Rafalski, a defenseman with the New Jersey Devils, and Young, a forward from the St. Louis Blues, join the first 10 NHL players that were selected for the team in March.
Each of the six nations that have qualified for the Olympic tournament, featuring NHL players for the second time, must announce its full 23-player roster by Dec. 22.
Rafalski is the second defenseman selected to the team, joining Brian Leetch.
The 33-year-old Young, a two-time Olympian, joins Blues teammate Keith Tkachuk along with Mike Modano, Brett Hull, Tony Amonte, Doug Weight, Bill Guerin, Chris Drury, Jeremy Roenick and John LeClair up front.
Baffert to appeal 60-day suspension
LOS ANGELES -- An attorney for Bob Baffert said Monday the nation's leading thoroughbred trainer will appeal his 60-day suspension for a positive drug test on one of his horses 13 months ago.
The suspension is scheduled to run from June 25 to Aug. 23 unless a stay is granted by the California Horse Racing Board or the court system.
Baffert trained Point Given to victories in the Preakness and Belmont stakes this month -- the third time since 1997 one of his horses won two-thirds of the Triple Crown -- and the suspension could keep him out of the summer's biggest races.
''This sounds like this is somebody who dislikes Bob, and I'm not making any accusations,'' attorney Neil Papiano said. ''It has no sense to it. You have to say why in the world would anybody do this?''
Michael Chang lobbies for Beijing's 2008 bid
LONDON -- In 1989, Michael Chang watched the Tiananmen Square crackdown on television just as he was making his memorable run to the French Open title. As he accepted his trophy, he paid special tribute to the Chinese people.
Twelve years later, Chang -- an American of Chinese heritage -- has become a high-profile backer of Beijing's bid for the 2008 Olympics, saying China has changed significantly and will open up further if it wins the games.
With less than a month before the IOC vote on the host city, Chang was in London on Monday discussing his volunteer role in China's campaign to bring the Olympics to the world's most populous country for the first time.
''If Beijing becomes the host nation, I think you're going to see something very, very special,'' Chang said in an interview. ''They know this is an opportunity that doesn't come around very often. They know how precious this is. For the first Olympics in China, they're going to want to make this the best ever.''
Beijing, which lost the 2000 Games by two votes to Sydney, is widely considered the front-runner for 2008. Paris and Toronto are the main challengers, with Osaka, Japan, and Istanbul, Turkey, as outsiders. The International Olympic Committee will elect the host city in Moscow on July 13.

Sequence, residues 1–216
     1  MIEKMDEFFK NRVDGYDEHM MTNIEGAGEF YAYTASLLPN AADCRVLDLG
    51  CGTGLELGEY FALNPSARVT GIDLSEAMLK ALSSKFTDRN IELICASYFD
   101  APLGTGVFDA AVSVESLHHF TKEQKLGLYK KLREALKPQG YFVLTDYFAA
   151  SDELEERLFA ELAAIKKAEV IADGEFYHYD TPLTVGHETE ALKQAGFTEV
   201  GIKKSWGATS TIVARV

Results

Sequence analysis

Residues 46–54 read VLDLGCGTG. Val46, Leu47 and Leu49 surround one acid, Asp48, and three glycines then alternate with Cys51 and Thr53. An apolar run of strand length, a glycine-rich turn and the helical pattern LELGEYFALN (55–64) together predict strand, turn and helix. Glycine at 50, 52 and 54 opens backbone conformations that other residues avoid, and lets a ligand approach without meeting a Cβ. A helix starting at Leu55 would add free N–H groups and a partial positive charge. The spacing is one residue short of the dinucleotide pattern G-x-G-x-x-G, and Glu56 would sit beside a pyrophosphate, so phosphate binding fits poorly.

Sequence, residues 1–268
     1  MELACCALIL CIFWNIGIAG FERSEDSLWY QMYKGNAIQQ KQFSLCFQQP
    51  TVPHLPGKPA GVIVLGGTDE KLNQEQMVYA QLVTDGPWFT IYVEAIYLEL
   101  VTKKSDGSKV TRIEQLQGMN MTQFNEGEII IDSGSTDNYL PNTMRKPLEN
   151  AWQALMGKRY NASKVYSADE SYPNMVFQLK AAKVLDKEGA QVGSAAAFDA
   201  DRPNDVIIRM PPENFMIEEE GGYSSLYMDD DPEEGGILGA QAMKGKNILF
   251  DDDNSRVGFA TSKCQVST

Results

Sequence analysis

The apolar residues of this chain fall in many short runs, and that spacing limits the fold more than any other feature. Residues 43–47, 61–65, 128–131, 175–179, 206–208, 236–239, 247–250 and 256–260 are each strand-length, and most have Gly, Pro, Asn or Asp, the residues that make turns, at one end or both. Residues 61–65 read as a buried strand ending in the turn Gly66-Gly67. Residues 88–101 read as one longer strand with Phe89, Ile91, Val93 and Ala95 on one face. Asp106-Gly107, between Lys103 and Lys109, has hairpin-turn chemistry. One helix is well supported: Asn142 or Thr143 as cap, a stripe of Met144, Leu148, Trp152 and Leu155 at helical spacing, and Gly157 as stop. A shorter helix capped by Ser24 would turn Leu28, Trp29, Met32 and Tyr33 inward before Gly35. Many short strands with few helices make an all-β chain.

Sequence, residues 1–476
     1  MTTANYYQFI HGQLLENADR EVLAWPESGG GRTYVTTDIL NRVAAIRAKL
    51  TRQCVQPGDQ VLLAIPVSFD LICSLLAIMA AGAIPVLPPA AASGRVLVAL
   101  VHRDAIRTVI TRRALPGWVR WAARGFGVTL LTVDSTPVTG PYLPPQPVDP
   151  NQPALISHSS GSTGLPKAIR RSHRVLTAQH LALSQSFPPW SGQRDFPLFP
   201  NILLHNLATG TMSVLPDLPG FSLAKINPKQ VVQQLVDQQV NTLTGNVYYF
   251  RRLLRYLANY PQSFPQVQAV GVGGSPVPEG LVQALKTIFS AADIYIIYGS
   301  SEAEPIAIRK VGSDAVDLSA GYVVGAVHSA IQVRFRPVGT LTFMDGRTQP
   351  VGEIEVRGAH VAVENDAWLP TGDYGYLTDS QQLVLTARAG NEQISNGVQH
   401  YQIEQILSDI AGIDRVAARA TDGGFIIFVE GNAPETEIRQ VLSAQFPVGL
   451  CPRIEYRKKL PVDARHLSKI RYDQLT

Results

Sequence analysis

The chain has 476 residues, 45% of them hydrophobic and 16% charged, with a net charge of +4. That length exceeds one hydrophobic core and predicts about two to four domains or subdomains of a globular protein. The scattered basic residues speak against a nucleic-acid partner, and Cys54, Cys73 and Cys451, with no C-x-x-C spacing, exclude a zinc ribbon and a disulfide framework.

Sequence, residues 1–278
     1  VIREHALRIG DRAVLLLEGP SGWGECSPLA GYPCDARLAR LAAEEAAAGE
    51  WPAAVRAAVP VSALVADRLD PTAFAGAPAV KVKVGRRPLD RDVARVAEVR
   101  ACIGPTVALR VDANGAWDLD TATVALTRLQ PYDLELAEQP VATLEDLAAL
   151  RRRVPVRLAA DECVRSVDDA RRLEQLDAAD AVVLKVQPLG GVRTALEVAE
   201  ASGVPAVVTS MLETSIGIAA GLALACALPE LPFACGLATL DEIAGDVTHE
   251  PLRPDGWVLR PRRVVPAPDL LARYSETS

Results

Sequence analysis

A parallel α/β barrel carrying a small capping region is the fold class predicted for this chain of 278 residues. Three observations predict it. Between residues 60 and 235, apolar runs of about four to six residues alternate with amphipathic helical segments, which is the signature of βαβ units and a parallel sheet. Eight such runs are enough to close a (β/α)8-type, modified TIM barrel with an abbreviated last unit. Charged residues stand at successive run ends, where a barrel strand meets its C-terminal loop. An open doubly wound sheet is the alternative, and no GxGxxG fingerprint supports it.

Critics oppose Beijing's bid on human rights grounds, citing the 1989 crackdown on pro-democracy demonstrators in Tiananmen Square as an example of China's intolerance of political dissent.
The crackdown coincided with the French Open, where Chang, then 17, became the youngest male player ever to win a Grand Slam title. He did it in amazing fashion, overcoming painful leg cramps and serving underhanded to beat Ivan Lendl in one match, and coming from behind to defeat Stefan Edberg in the final.
After receiving the winner's trophy, Chang told the crowd: ''God bless everybody, especially the people in China.''
On Monday, Chang -- whose parents came from China and who still has relatives there -- said Tiananmen Square helped inspire his French Open triumph. He hasn't won a Grand Slam title since.
Chang believes he was destined to win the French in '89 ''for the purpose of being able to say to Chinese people around the world: 'Hey, something good is happening to a fellow Chinese person halfway around the world, there is something to smile about.'''
Chang recalled watching television footage of Chinese troops crushing the demonstrations and of a lone protester standing in front of a tank.
''Obviously they're moving images that really stay in your mind,'' he said. ''It was a downtime for Chinese people around the world, there's no doubt about that.
''I've always had a heart for Chinese people, even more so after 1989. What's been an encouragement for me is I've seen China and how they've changed and opened up over these years. Things have changed tremendously.''
Supporting Beijing's bid puts Chang in conflict with a number of U.S. lawmakers, who argue that China should not get the games until it improves its human rights record.
''You have to take into consideration certain things, but at the same time you have to take into consideration what the Olympics is all about,'' Chang said. ''The Olympics is really about sports, about camaraderie, about unifying countries, about unity, about teamwork. It really doesn't have to do with the political aspect of things.''
Chang said the Olympics would encourage positive change in China.
''I think it would open things up even more,'' he said. ''It would open up a lot of doors, a lot of channels. You have a quarter of the world's population in China, and that really still needs to be exposed to the world.''
Chang has played tournaments in China and Hong Kong for the past 10 years. He has also played in two Olympics, Barcelona in 1992 and last year in Sydney.
''People still have a certain image of China,'' he said. ''For me, because I've been there and experienced those gradual changes, I've seen how much they've grown, how much more willing they are to be open to the world.
''For Beijing to get this bid would not only be important for the people of China, but also for the people of the world to be able to better understand China and its culture. It's really a tremendous opportunity for the world.''